The Canfranc underground laboratory (LSC), excavated under the Central Pyrenees, is mainly devoted to the study of phenomena which needs "cosmic silence." It also hosts a geodynamical facility, named Geodyn, which holds an accelerometer, a broadband seismometer, and two high-resolution laser strainmeters. During the routine processing of the seismic data, we detected an unusual spectral signature in the 2-10 Hz frequency band, which does not correspond to the typical sources of seismic noise and which can also be recognized in the strain records. After checking against meteorological and hydrological data, we can relate those signals to variations in the discharge by the Aragon River, an Alpine-style river in the southern Pyrenees, located about 400m from the LSC Geodyn facility. Four main episodes have been identified since early 2011, each lasting 1-2 to 6-8 days. Additionally, a limited number of shorter episodes have also been detected. Three types of river-generated seismic events have been identified, related respectively to moderate rainfall, snowmelt, and flooding events associated to severe storms. Each of those types has distinctive characteristics which allow monitoring the hydrological events from the analysis of seismic and deformation data. A few previous studies have already described the seismic noise close to rivers with larger discharge or in small-scale experimental settings, and we are showing here that the so-called "fluvial seismology" can be useful to study the hydrological evolution of Alpine style streams and may have a potential interest for the civil authorities in charge of the management of hydrological basins.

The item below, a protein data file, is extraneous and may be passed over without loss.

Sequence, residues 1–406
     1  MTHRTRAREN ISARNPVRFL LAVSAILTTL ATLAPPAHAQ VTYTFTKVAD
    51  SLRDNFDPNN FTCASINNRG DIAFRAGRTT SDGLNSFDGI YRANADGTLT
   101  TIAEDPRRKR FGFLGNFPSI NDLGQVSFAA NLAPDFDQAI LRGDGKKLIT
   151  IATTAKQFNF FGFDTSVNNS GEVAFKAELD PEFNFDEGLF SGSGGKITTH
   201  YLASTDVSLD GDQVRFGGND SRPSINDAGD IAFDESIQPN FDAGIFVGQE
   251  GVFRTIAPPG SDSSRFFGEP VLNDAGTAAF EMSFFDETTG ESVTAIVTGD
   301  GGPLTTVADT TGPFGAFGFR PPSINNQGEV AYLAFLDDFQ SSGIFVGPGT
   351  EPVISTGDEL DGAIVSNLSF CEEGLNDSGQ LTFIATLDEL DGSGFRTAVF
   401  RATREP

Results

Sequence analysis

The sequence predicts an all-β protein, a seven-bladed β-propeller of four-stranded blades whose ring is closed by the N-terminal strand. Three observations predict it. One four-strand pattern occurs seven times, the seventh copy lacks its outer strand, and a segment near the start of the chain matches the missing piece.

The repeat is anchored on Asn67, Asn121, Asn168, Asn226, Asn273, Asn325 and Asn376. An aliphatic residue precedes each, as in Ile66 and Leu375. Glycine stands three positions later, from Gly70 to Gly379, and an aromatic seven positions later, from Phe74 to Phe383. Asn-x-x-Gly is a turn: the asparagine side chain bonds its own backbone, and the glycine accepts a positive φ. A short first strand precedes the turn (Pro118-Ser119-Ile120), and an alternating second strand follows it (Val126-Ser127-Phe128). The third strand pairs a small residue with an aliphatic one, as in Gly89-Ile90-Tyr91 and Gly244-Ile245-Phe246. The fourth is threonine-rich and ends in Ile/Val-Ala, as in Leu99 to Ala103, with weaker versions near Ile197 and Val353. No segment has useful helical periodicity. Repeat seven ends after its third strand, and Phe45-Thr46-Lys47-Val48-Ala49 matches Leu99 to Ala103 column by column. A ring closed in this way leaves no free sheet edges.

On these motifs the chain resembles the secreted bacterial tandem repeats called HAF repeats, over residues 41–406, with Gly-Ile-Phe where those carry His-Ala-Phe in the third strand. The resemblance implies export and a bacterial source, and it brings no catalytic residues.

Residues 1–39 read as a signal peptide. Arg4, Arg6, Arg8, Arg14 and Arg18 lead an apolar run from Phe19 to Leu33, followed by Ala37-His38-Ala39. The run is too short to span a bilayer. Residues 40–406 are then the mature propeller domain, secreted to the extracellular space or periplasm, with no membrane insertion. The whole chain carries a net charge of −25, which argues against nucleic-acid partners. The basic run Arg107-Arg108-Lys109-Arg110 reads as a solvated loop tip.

Seismic monitoring of an Alpine mountain river

CRESCENTINI, LUCA;AMORUSO, ANTONELLA;
2014

Abstract

The Canfranc underground laboratory (LSC), excavated under the Central Pyrenees, is mainly devoted to the study of phenomena which needs "cosmic silence." It also hosts a geodynamical facility, named Geodyn, which holds an accelerometer, a broadband seismometer, and two high-resolution laser strainmeters. During the routine processing of the seismic data, we detected an unusual spectral signature in the 2-10 Hz frequency band, which does not correspond to the typical sources of seismic noise and which can also be recognized in the strain records. After checking against meteorological and hydrological data, we can relate those signals to variations in the discharge by the Aragon River, an Alpine-style river in the southern Pyrenees, located about 400m from the LSC Geodyn facility. Four main episodes have been identified since early 2011, each lasting 1-2 to 6-8 days. Additionally, a limited number of shorter episodes have also been detected. Three types of river-generated seismic events have been identified, related respectively to moderate rainfall, snowmelt, and flooding events associated to severe storms. Each of those types has distinctive characteristics which allow monitoring the hydrological events from the analysis of seismic and deformation data. A few previous studies have already described the seismic noise close to rivers with larger discharge or in small-scale experimental settings, and we are showing here that the so-called "fluvial seismology" can be useful to study the hydrological evolution of Alpine style streams and may have a potential interest for the civil authorities in charge of the management of hydrological basins.
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Utilizza questo identificativo per citare o creare un link a questo documento: https://hdl.handle.net/11386/4432257
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